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Glastonbury Town Council Bans Fracking Waste

Peter Marteka
Contact ReporterNature's Path & Way To Go

— The town council passed an ordinance banning the storage or use of waste from hydraulic fracturing — or fracking — in town.

Fracking is a technique used by the energy industry to extract oil and gas from rock by injecting high-pressure mixtures of water, sand or gravel and chemicals.

Although no fracking is taking place in Connecticut, the waste could be brought to the state and stored, treated or repurposed.

The council unanimously approved the ban recently, joining 20 other towns and cities across the state including neighboring Portland.

The state has a temporary moratorium on waste produced from fracking while the Department of Energy and Environmental Protection adopts regulations that would govern its disposal and processing. The state has three hazardous waste treatment facilities — Bridgeport, Meriden and Bristol.

Jennifer Siskind, who led a local grass-roots effort to get the council to enact the ban, said the state legislature has failed to pass a statewide ban three times in the past five years.

"It opens us up to have this waste sent to the three hazardous treatment facilities," she said.

Fracking waste has been used by some towns as a road de-icer and on construction sites as fill.

Town Manager Richard J. Johnson said while the ordinance will prevent the waste from being stored or used in town, the material could still be transported through Glastonbury. He also noted that like all ordinances, any violations will be mostly complaint driven although the ban will be included on wetland and building permits. Violations would come with a $250 fine.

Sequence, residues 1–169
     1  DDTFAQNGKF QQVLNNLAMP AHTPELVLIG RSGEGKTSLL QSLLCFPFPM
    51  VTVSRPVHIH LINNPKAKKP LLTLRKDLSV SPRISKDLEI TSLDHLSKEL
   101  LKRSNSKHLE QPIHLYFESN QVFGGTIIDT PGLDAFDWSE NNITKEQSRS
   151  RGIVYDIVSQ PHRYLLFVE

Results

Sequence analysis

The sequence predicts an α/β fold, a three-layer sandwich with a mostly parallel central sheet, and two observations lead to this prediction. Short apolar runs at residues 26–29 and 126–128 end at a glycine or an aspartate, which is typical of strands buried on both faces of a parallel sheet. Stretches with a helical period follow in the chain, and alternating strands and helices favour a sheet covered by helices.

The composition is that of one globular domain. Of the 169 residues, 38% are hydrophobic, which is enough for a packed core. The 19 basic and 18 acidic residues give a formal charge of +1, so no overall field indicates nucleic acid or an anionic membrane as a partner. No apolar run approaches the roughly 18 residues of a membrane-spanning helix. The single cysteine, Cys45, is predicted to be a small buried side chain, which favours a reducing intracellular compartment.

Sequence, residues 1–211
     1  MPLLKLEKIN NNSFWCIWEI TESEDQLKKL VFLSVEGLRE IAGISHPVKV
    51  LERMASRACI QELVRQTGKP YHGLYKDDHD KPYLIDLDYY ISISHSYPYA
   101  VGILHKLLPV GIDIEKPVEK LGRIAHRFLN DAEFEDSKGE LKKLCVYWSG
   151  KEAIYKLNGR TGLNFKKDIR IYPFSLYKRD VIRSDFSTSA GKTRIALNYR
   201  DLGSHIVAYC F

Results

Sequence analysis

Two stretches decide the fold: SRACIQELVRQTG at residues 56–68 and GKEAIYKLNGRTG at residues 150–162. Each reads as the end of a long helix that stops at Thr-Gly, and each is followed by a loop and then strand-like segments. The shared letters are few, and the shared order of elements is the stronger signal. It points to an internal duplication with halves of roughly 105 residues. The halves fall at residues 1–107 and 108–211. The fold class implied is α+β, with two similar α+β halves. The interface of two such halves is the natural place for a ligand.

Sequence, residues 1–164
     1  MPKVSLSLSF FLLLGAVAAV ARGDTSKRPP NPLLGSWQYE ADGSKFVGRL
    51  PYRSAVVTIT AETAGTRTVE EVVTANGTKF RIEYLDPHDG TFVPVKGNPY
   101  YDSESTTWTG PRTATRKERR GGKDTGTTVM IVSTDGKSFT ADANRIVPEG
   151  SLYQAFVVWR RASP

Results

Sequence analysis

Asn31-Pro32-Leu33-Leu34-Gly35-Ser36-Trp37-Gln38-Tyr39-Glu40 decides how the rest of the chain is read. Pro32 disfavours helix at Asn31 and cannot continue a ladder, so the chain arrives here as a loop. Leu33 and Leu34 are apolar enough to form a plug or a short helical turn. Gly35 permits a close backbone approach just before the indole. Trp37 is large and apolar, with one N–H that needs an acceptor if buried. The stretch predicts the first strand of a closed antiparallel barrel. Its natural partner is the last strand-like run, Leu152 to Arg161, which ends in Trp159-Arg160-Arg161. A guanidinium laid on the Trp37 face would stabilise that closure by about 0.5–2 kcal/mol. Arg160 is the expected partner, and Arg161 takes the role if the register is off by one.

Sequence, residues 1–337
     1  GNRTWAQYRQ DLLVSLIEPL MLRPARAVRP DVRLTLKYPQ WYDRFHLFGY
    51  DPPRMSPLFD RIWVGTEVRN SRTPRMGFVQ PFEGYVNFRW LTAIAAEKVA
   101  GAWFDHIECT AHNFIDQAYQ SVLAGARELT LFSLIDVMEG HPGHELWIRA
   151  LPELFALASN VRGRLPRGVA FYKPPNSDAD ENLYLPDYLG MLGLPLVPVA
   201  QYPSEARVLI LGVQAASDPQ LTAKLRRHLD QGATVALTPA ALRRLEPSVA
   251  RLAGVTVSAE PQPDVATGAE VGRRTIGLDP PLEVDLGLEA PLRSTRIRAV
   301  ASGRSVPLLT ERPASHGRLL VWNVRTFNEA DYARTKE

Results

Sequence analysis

Councilman Thomas P. Gullotta said the ordinance will "make it clear to somebody who is going to be engaging in a fill project or some kind of a building project that they are not supposed to be using fracking waste."

"We didn't have any business owners or any people come in and say, 'You know I really have an economic interest in storing this' or 'I would like the right to be able to store this and make money off it,'" said Councilwoman Cara T. Keefe, a member of the ordinance subcommittee. "We didn't hear from any of those people ... we heard from people who don't want it in our town."

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